MOSCOW (Reuters) - Ukraine has launched an investigation into the death of an American working for the European security watchdog OSCE, whose vehicle hit a landmine in the country’s conflict-hit east, the general prosecutor’s office (GPU) said on Monday.
The paramedic was on an OSCE monitoring mission patrol near the village of Pryshybin, controlled by pro-Russian separatists, in the Luhansk region when the blast occurred. The United States called for a transparent, timely investigation.
Regional prosecutors in the government-controlled part of Luhansk will handle the probe. The GPU said Ukraine was treating the incident, which wounded two others, as a “terrorist act”.
Sunday’s killing was the first death of a member of the Organization for Security and Cooperation in Europe (OSCE) in Ukraine, where over 700 observers report on the three-year-old conflict that has strained ties between Russia and the West.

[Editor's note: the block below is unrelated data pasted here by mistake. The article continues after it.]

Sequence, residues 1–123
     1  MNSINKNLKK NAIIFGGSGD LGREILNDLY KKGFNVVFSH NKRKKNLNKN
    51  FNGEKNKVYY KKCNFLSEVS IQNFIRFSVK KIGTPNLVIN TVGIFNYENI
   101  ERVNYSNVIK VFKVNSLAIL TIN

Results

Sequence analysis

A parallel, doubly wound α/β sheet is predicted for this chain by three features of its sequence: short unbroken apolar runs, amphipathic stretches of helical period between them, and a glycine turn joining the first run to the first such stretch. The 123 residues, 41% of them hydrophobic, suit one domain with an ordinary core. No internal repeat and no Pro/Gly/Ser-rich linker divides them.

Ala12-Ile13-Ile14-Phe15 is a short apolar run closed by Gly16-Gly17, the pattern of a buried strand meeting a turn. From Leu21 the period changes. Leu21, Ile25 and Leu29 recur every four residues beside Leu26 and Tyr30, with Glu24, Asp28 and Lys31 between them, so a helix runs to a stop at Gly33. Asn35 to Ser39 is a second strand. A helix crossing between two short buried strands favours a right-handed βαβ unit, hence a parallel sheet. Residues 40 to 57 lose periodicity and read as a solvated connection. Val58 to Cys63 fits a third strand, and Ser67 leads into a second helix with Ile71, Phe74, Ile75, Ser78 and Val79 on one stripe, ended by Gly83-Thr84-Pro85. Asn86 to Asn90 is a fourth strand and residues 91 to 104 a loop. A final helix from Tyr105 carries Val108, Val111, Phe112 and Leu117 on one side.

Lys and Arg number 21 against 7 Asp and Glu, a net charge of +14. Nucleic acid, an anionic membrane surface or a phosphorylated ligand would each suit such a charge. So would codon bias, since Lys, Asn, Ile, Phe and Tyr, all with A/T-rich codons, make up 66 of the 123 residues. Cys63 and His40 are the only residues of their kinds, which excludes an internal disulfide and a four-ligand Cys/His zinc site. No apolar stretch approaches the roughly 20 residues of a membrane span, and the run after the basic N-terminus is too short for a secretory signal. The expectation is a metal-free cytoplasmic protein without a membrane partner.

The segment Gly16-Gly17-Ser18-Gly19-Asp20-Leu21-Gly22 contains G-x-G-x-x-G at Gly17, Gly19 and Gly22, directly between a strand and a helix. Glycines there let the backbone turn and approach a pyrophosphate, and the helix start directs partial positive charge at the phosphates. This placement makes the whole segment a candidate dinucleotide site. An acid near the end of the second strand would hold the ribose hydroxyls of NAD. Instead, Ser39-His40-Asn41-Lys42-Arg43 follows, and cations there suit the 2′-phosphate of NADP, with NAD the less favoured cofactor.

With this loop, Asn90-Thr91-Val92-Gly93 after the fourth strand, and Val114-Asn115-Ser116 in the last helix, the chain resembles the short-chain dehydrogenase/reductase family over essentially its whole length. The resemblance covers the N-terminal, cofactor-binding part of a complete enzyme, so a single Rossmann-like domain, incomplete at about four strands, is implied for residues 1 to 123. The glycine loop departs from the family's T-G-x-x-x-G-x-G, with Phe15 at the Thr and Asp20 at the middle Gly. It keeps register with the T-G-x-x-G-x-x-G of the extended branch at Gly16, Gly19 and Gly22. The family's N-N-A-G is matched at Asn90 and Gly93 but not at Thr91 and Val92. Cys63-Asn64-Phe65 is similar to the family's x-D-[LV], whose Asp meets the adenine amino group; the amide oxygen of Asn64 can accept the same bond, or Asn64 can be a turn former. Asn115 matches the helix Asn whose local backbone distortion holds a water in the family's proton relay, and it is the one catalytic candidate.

In Moscow, Russian Foreign Minister Sergei Lavrov also called for a careful investigation into the incident, saying those guilty should be brought to justice.
The OSCE mission’s ambassador, Ertugrul Apakan, who travelled to the site of the explosion on Monday, said both sides needed to respect the much-violated 2015 Minsk peace agreement.
“I reiterate my call for sustainable cease-fire, withdrawal of weapons, full demining and real commitment to peace. And I ask that those responsible for placing mines are held accountable,” he said in a statement.
Reporting by Natalia Zinets; Additional reporting by Jack Stubbs, Denis Dyomkin in Moscow; Writing by Alessandra Prentice; Editing by Richard Lough